POUGHKEEPSIE, NY – MARCH 30, 2022 – The SUNY Black Faculty and Staff Collective (BFSC), a nonprofit organization led by two founding members who are among the DCC faculty, has been chosen to receive a $50,000 grant from the Spencer Foundation to fund research and a conference dedicated to exploring the concept of Black Critical Studies.

Recently, there has been a heightened focus in educational research on the concepts of anti-Blackness, Afro-pessimism and Black Critical Studies, or “BlackCrit” as it is commonly known among academics. Afro-pessimism is a theoretical framework suggesting that, due to institutionalized white supremacy, racial equity can never be achieved as long as the construct of Blackness exists. BlackCrit is a fledgling and undertheorized theory that marks a current turn in anti-Blackness research. Most of this scholarship is discussed within disciplinary and subjectivity frameworks with Eurocentric epistemological origins; there is a dearth of interdisciplinary exploration of pro-Black fugitives from Afrocentric frameworks. This deficiency has specifically harmed and contributed to the dominant misperceptions of Black students.

The conference will contribute to education research by prompting engagement to deepen and broaden the possibilities of how BlackCrit can serve academia and beyond, furthering the material, social, theoretical, psychological, historical and practical implications of anti-Blackness. It aims to challenge the problematic ways stakeholders address and attend to the diverse and nuanced experiences, educational needs, psychic/prophetic imaginations, robust knowledge and future possibilities for countless Black scholars and students who are perpetually exposed to anti-Blackness.

“This is an extremely positive example of SUNY cross-campus collaboration, linking community college, comprehensive college and university center faculty research efforts,” said SUNY BFSC co-founder Willie Morris, a DCC English instructor. “It’s also an example of faculty engagement with Diversity, Equity and Inclusion efforts through their research and service in academia.”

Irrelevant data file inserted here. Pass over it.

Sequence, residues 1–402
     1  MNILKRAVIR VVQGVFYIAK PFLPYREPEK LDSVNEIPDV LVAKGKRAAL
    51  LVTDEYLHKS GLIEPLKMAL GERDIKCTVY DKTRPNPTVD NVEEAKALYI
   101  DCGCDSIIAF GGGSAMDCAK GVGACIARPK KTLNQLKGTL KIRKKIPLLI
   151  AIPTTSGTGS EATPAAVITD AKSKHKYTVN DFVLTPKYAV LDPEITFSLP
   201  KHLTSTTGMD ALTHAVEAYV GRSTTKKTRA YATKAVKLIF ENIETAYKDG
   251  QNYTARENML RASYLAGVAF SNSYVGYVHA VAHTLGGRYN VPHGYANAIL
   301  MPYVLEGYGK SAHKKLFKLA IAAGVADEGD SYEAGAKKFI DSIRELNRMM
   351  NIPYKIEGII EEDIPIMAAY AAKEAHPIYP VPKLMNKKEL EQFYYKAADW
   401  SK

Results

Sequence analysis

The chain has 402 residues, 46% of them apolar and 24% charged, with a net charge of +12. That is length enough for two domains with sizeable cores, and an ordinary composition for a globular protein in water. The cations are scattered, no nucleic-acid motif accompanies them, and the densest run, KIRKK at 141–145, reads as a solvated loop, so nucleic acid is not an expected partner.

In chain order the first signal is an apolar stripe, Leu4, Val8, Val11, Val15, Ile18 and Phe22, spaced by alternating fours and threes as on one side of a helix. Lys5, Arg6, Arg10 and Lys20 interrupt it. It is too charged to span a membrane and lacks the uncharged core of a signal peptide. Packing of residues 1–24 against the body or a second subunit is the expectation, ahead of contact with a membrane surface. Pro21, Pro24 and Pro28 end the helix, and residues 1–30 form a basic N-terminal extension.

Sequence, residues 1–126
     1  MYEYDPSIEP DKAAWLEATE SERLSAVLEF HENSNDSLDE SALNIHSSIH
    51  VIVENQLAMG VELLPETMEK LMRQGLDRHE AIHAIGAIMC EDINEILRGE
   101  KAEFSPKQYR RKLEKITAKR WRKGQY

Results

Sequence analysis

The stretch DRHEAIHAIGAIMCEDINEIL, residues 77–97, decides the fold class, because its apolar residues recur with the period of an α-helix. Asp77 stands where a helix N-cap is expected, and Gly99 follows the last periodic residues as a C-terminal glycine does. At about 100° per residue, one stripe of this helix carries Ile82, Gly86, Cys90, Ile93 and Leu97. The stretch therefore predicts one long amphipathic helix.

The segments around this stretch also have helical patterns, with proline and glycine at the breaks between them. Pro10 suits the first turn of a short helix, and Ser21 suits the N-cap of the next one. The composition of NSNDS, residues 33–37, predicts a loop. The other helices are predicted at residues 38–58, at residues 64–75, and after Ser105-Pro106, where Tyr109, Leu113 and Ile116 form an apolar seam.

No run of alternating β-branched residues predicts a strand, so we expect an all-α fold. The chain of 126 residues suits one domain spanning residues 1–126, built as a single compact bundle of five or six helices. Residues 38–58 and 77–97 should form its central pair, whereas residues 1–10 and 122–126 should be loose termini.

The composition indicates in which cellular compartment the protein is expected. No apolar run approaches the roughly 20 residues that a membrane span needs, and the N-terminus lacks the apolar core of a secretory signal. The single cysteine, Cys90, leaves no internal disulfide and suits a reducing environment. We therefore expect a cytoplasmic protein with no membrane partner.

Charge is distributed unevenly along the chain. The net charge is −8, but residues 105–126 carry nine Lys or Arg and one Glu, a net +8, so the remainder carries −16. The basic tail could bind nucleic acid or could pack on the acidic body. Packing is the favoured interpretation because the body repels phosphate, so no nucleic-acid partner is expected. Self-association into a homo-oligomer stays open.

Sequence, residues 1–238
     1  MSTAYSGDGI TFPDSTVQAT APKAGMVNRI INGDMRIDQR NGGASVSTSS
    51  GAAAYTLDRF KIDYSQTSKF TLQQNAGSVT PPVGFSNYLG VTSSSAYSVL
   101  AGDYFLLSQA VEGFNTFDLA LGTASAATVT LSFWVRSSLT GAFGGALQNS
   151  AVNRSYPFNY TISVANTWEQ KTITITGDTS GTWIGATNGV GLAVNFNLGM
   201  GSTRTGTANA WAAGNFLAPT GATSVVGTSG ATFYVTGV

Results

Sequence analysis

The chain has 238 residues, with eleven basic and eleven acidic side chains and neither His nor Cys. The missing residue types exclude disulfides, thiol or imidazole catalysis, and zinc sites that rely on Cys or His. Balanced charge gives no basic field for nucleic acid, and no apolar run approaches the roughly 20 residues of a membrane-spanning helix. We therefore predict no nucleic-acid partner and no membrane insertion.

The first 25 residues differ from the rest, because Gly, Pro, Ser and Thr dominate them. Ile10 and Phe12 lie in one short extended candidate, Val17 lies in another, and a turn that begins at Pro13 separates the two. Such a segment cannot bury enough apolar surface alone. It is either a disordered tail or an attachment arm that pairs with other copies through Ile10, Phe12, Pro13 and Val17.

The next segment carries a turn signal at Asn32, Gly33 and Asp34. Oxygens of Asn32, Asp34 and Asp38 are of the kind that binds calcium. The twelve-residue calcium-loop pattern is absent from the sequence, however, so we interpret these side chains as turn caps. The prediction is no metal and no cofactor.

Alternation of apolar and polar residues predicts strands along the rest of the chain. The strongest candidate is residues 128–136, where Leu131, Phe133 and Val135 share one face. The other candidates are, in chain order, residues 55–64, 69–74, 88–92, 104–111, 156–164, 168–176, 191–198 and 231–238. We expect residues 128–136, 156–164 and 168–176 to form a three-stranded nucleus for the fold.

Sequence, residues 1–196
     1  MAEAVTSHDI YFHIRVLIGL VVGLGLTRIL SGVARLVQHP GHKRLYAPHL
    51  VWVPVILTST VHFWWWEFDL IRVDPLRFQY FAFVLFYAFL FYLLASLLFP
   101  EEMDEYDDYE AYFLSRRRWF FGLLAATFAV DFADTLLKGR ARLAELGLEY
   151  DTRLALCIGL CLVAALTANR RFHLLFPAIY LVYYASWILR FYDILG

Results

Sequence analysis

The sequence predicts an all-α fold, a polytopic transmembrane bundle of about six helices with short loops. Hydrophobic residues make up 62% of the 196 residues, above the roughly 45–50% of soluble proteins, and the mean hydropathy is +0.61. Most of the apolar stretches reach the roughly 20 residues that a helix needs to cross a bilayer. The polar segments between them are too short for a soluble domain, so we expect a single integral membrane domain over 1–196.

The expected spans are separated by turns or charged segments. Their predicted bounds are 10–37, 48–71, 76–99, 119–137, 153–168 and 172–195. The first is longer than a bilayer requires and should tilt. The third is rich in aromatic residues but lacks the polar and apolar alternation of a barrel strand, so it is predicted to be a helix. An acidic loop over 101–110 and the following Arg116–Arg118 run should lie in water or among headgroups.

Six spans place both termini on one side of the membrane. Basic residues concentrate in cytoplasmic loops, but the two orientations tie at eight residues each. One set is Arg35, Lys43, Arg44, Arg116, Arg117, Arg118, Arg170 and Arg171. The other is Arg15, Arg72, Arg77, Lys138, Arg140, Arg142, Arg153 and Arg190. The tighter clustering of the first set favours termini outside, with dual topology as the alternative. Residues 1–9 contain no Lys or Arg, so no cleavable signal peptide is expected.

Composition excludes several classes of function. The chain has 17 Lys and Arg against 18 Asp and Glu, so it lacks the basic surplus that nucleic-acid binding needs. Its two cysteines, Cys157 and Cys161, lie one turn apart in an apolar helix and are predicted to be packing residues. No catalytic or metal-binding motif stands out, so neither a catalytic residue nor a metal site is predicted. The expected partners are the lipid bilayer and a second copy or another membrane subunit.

Morris, along with fellow DCC English faculty member Jordan Bell, will serve as co-principal investigators in this initiative, working with faculty and staff colleagues from across SUNY and at the University of Minnesota, Rutgers University, Oakland University, Fordham University and Columbia College. Work started at this conference of established and emerging BlackCrit scholars will be featured in a special edition publication in the Journal of Equity and Excellence in Education.

The BFSC was founded as a “bottom-up” effort by Black and Brown faculty, staff and students across the system in response to the death of DCC student Maurice Gordon at the hands of a New Jersey state trooper in 2020. His death came during a national pandemic and outcry to see justice and equity for Black people in their relationships with many parts of society.

The BFSC promotes educational advocacy, research and scholarship, and collaboration and community-facing action. It recognizes Blackness as uniquely diverse in its representation and expression, multinational in its experiences and contexts, and expansive in its presence and presentation in social identities. It centers the needs and experiences of Black peoples wherever they are and however they are. It strives to be a space that repudiates racism, misogynoir, xenophobia, colorism, homophobia and transphobia, and dedicated to advancing policies that support Black peoples. It challenges its members through scholarship, teaching and advocacy to demand a just and equitable space for Black students, staff and faculty within SUNY, the state and the nation.

The Spencer Foundation has been a leading funder of education research since 1971 and is the only national foundation focused exclusively on supporting education research. It believes education research is integral to improving education, making education systems more equitable, and increasing opportunities to learn across the lifespan. This grant is designed to support rigorous, intellectually ambitious and technically sound research that is relevant to the most pressing questions and compelling opportunities in education.

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